Amazon Web Services (AWS) has announced that Amazon Aurora, the MySQL-compatible database engine, is now available for customers in three AWS regions - U.S. East, U.S. West, and European Union.
The service was first announced by Andy Jassy, senior Vice President, AWS in November 2014 at AWS re:Invent Conference held in Las Vegas. At that time, the database engine was made available only to selected companies for beta-testing. After the nine-month-long beta-testing, AWS has now officially launched the new database service on AWS cloud that will target AWS customers with large database workloads. According to AWS, the service will expand to new regions over time.
Amazon has been offering its Relational Database Service (RDS), a managed MySQL database service, since 2009. The RDS allows Amazon customers to provision a reliable and scalable database server with a point and click in just a few minutes. Over the past five years, AWS has added support for Oracle, PostgreSQL, and Microsoft SQL Server in RDS. Amazon Aurora is the newest addition in the RDS portfolio. AWS says the current customers of Amazon RDS for MySQL can migrate to Amazon Aurora easily using Amazon Aurora's new features. It can be done with "a few clicks from the RDS console."
Main Features of Amazon Aurora
Aurora is a cloud-native MySQL-compatible relational database engine which provides the speed and availability of best commercial databases along with the cost-effectiveness of open source databases. Amazon claims Aurora will provide the scalability and reliability of the commercial databases at a price which is one-tenth of the price of those databases. It can handle more queries simultaneously (both write and read) than other products. Amazon also claims the new service is able to deliver five times the price-to-performance of a traditional relational database running on the same class of hardware.
"Amazon Aurora provides up to five times better performance than MySQL at a price point one-tenth that of a commercial database while delivering similar performance and availability." says the AWS website.
Each Aurora instance can deliver over 500,000 select queries and 100,000 updates per second. The service continually backs up data to Amazon Simple Storage Service (S3). In event of current database failure, data is restored within a minute using the back-up. The service is wire compatible with MySQL 5.6 using InnoDB storage engine. This feature enables users to easily migrate from MySQL through the standard utilities such as mysqldump.
The storage scheme of Aurora uses cluster volumes, where each cluster volume is a single, virtual volume containing copies of data from various availability zones in a single region. Each cluster volume is also backed by SSD storage. This architecture of Aurora ensures backing up data to S3.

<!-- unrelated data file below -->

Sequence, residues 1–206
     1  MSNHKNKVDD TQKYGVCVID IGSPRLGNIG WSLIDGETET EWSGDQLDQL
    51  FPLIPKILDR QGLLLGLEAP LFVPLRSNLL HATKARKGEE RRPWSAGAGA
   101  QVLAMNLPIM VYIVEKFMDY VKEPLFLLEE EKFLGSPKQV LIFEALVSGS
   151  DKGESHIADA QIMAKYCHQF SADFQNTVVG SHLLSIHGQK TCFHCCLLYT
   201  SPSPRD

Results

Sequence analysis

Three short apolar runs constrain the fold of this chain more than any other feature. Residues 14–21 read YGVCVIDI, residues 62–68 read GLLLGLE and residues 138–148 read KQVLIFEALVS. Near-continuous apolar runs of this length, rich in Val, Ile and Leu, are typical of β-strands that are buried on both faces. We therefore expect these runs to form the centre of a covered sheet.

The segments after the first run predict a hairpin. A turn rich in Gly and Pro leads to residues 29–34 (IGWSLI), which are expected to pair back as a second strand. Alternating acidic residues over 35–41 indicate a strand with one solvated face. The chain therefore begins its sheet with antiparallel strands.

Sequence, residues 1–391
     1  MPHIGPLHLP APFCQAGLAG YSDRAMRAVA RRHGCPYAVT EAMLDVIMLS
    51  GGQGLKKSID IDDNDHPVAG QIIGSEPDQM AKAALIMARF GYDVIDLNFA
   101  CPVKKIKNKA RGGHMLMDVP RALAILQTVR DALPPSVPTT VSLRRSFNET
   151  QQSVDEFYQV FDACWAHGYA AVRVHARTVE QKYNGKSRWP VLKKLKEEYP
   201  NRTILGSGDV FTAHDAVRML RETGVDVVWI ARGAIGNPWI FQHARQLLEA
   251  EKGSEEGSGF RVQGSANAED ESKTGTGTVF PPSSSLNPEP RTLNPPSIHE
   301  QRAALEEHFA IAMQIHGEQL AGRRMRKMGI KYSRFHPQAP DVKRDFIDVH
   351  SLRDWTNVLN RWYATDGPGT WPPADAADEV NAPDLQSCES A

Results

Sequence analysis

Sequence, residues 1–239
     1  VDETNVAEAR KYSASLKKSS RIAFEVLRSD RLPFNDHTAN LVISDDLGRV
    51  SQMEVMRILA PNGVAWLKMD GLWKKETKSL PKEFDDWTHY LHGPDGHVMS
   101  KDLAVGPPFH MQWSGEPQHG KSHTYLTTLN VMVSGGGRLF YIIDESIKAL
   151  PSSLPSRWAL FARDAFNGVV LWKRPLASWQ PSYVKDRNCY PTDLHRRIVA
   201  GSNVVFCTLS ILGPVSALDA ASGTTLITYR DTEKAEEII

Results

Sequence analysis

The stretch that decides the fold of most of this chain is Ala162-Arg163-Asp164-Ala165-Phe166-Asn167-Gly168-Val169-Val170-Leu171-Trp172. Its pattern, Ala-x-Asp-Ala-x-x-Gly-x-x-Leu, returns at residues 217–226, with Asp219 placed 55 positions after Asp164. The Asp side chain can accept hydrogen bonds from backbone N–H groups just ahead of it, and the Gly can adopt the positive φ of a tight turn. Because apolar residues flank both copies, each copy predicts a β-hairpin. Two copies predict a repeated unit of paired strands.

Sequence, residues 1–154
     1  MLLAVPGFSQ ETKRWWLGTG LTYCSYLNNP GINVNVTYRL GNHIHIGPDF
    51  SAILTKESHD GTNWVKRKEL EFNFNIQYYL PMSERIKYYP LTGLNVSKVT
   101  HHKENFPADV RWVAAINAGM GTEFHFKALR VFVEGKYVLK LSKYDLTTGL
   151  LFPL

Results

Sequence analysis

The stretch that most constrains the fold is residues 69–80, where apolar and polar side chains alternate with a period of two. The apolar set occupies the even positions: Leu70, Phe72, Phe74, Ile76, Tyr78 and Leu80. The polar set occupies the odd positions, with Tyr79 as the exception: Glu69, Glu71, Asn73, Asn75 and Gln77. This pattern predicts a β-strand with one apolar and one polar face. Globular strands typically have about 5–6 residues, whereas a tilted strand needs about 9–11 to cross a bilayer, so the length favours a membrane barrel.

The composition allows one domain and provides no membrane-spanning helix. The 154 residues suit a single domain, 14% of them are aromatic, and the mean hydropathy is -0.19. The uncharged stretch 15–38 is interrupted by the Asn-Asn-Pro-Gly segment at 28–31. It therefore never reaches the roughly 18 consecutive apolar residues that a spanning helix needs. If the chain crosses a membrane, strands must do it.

For redundancy, Aurora supports a maximum of 15 read replicas across availability zones in the same region. For users to achieve cross-region replication, it is required that users maintain a separate MySQL database instance outside RDS. A RDS-based MySQL database instance and Aurora database clusters must be in the same region to replicate.
Amazon says migrating to Aurora has considerably improved the performance of applications of many MySQL customers, along with the benefits of cost effectiveness and better availability. Substantial improvements are usually observed in Read replica lag and latency. Moreover, Aurora could be a more cost effective alternative than MySQL, thanks to its "ability to use read replica for fail-over and pay only for the actual storage used by the database." The product site promises 99.99% availability of the service.
According to Amazon's documentation, Aurora doesn't yet support the feature of automated cross-region replication through the RDS console. The feature of integration with the AWS Key Management System is also not available currently. Amazon Aurora is also the only database in RDS without support for the AWS Key Management System or encryption at rest.
"Today's commercial-grade databases are expensive, proprietary, high lock-in, and come with punitive licensing terms that these database providers are comfortable employing. It's why we rarely meet enterprises who aren't looking to escape from their commercial-grade database solution. Now, with Amazon Aurora, companies can get at least the same availability, durability, and security as commercial-grade databases for one-tenth of the cost." explained Raju Gulabani, Vice President, Amazon Database Services.
Customers will pay by the hour for the primary database instance and any replicas. It will cost $0.29 per hour for database instances of 2 vCPUs and 15.5 GB memory and $4.64 per hour for 32 vCPUs and 244 GB memory.
Customers will also pay $0.10 per GB per month for storage, and will get a total of six copies of data, with two copies in each availability zone. For I/O requests, customers will pay $0.20 for every million I/O requests made by the database.